Atari Gets The Settlement It Was Surely Fishing For Over An Homage To 'Breakout' In KitKat Commercial
from the gaming-the-system dept
As readers of this site will know, once-venerated gaming giant Atari long ago reduced itself to an intellectual property troll mostly seeking to siphon money away from companies that actually produce things. The fall of one of gamings historical players is both disappointing and sad, given just how much love and nostalgia there is for its classic games. It was just that nostalgia that likely led Nestle to craft an advertisement in Europe encouraging buyers of candy to “breakout” KitKats and included imagery of the candy replacing a simulation of a game of Breakout. For this, Atari sued over both trademark and copyright infringement, stating for the latter claim that the video reproduction of a mock-game that kind of looks like Breakout constituted copyright infringement.
As we discussed in that original post, both claims are patently absurd. Nestle and Atari are not competitors and anyone with a working frontal lobe will understand that the ad was a mere homage to a classic game made decades ago. If the products aren’t competing, and if there is no real potential for public confusion, there is not trademark infringement. As for the copyright claim, the expression in the homage was markedly different from Atari’s original game, and there’s that little fact that Nestle didn’t actually make a game to begin with. They mocked up a video. Nothing in there is copyright infringement.
It was enough that I’m certain some of our readers wondered why Atari would do something like this to begin with. The answer is the recent news that a settlement has been reached in the lawsuit, and it was almost certainly that settlement that Atari was fishing for all along.
Vintage gaming company Atari has settled a lawsuit accusing Swiss foods giant Nestle of using one of its classic video games to sell Kit Kat bars to nostalgic gamers without permission. On Wednesday, U.S. District Judge Yvonne Gonzalez Rogers approved Atari’s request to voluntarily dismiss the case with prejudice.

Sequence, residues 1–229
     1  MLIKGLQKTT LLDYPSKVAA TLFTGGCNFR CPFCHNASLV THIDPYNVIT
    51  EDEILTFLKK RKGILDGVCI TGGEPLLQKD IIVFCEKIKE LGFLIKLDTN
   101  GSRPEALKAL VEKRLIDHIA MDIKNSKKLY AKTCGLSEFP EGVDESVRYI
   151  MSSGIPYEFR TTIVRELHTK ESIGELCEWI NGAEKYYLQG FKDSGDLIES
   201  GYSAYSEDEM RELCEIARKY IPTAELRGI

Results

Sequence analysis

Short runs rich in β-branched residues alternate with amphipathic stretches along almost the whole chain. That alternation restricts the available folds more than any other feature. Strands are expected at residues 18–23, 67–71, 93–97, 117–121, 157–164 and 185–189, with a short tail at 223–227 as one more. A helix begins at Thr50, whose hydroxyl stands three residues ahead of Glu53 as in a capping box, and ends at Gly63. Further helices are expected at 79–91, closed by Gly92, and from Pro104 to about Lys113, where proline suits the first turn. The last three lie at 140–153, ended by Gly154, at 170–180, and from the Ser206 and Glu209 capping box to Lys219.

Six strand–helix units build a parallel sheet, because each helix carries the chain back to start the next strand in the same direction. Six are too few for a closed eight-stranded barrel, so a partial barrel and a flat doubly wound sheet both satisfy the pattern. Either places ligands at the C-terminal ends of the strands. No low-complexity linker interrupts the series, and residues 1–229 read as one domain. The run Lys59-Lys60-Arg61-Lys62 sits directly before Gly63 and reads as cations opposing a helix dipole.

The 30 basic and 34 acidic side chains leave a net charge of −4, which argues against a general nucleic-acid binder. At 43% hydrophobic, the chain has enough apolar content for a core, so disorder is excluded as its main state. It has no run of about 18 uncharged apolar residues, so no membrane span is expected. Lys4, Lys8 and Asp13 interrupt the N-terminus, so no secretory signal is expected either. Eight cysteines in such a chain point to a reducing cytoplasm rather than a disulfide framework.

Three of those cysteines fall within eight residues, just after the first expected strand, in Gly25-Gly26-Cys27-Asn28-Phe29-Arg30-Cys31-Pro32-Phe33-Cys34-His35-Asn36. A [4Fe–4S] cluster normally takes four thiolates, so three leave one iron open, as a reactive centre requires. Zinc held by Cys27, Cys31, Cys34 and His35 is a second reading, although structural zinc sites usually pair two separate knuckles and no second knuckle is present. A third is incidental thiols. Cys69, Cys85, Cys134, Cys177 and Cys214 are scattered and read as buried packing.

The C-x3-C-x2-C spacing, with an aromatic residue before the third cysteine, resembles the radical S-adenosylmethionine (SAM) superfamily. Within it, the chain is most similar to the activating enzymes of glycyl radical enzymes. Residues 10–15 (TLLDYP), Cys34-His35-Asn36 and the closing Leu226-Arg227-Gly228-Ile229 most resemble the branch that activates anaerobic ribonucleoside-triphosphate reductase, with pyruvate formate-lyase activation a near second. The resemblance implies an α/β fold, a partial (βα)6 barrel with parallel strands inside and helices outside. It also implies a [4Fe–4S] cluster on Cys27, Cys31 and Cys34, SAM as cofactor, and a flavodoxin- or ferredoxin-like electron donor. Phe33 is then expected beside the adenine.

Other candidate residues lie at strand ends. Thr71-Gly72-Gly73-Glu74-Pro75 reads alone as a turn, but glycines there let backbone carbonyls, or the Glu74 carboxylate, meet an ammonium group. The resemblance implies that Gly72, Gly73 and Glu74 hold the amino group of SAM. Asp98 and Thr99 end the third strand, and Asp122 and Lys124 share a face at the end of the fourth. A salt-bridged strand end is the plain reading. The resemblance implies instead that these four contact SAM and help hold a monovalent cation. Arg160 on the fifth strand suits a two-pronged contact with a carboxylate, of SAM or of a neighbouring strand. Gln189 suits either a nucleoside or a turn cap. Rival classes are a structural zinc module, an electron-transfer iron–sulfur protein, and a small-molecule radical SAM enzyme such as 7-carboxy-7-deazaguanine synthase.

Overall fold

Both parties reached a settlement during a conference in Magistrate Judge Sallie Kim’s courtroom on Dec. 12, 2017, according to court records. The terms of the agreement are confidential.
So, while we don’t know the terms of the settlement, it’s incredibly common for megaliths like Nestle to throw settlement money at pests like Atari to make them go away. The settlements are often not anything like the potential rewards for the plaintiff if the case had gone to trial, but that’s entirely besides the point. The point is to get the settlement. It’s essentially free money, after all, reliably gained by filing lawsuits trolling successful companies with spurious legal claims that at best skirt the line of what intellectual property laws actually say.
It’s for that reason that trolls like Atari seek treble and punitive damages in these suits, merely as a way to alter the risk calculation for the legal teams of their victims. A company like Nestle, worth hundreds of billions of dollars, has easy math to do when it comes to deciding how to make this all go away. The problem with this is, of course, that not every company has billions of dollars of revenue coming in. It’s the smaller companies that are truly victimized by IP trolls that fill their war chests with these kinds of easy settlements.